The fastball is junior Drew Tumbelty’s pitch of choice, the one that primarily helps him get the Broncs out of a jam in the 9th inning and preserve a victory. But the right-handed closer keeps a curveball in his back pocket to keep batters guessing.
Pitchers have been using the curveball for almost 150 years to fool batters, relying on its low velocity and big break as it approaches the plate to freeze hitters and keep them swinging and missing. Good hitters can see the way a ball is spinning to determine what kind of pitch is coming toward them, where it will wind up and whether or not to swing. Generally, a late-breaking curveball is more effective at beating hitters than one that breaks big, but the pitch can be difficult to control.
How does it work?
To throw a curve, the middle finger is placed along the bottom seam, with the thumb on the back seam, creating a C shape. When pitchers reach the peak of their throwing motion, they begin to rotate their throwing hand and wrist and as the ball is released they snap their middle finger down, which guides the trajectory of the ball.
To get a better snap, Tumbelty grips the ball tighter with his middle finger than his pointer when he’s throwing a curve, and pulls his throwing arm hard to his opposite hip. The snap creates topspin, meaning the top half of the ball spins toward its direction of motion, with the bottom half spinning against it. Such spin causes the ball to dive as it approaches
Why does it work?
The explanation of why the ball dives begins with Newton’s third law, which states that for every action, there is an equal and opposite reaction. When a pitcher fires a pitch into a catcher’s mitt, the catcher feels the force of the pitch through the impact, but he or she also exerts a force to slow the ball down. That’s an example of the third law in practice.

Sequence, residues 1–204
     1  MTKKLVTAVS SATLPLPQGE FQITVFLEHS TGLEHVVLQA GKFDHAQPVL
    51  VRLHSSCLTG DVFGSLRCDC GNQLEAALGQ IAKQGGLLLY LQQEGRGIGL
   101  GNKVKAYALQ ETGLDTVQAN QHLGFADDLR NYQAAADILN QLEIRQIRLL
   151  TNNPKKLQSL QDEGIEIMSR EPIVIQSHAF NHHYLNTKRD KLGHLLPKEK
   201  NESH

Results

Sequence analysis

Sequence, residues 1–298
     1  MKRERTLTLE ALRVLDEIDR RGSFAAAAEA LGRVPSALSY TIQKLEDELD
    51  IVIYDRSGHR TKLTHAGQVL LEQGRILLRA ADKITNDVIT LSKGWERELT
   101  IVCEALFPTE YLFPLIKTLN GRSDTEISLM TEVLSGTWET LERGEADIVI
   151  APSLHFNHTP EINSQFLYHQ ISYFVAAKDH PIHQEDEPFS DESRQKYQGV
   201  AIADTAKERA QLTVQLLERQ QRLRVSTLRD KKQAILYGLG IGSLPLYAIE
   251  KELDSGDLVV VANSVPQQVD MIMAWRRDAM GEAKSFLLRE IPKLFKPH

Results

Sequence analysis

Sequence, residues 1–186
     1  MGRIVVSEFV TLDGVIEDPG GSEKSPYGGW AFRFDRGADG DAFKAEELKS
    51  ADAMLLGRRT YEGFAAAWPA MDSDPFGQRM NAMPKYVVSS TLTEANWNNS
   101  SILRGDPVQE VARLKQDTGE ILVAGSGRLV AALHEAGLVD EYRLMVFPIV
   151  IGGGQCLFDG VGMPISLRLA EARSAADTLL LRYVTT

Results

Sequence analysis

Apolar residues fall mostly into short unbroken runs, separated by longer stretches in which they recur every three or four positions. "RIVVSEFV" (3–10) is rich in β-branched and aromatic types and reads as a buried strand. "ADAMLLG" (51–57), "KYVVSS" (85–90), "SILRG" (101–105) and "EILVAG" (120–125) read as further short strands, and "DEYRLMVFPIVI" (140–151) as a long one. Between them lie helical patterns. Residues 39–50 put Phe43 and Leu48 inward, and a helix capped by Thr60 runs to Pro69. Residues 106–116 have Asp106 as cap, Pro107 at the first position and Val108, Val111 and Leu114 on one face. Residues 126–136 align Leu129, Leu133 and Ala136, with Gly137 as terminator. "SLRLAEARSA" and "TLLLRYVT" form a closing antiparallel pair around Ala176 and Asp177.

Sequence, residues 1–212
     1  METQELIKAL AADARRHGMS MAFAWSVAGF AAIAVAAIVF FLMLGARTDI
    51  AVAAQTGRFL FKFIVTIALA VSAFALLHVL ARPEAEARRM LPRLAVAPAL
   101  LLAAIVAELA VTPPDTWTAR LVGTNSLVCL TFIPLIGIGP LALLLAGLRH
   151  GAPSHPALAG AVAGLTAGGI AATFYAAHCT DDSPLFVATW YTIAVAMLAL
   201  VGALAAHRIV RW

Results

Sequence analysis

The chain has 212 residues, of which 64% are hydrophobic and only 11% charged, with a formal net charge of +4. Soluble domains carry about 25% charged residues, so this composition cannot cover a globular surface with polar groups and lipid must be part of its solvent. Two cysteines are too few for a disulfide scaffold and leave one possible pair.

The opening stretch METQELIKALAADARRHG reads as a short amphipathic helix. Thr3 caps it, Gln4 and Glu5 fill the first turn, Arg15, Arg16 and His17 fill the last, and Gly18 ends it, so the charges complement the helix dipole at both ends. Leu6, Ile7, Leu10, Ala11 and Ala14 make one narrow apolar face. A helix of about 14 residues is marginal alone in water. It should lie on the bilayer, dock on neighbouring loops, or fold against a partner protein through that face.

Something similar happens to a curveball. When a ball is thrown with topspin, “Air hitches a ride to the top side of the ball and gets dragged along and slightly down towards the ground,” says physics professor John Bochanski, “but the air on the bottom doesn’t get on the same track. The net result is that a top spinning ball deflects some air toward from the sky.”
Essentially, air that is pushed up towards the sky pushes the ball down. The opposite is also true, which is why a ball thrown with backspin, like a fastball, causes it to stay in the air longer.
The ball’s trajectory is described more precisely by the Magnus Effect, which is named after the 19th-century German physicist Gustav Magnus who studied it. The Magnus Effect states that a spinning object moving through air will deviate from a straight path.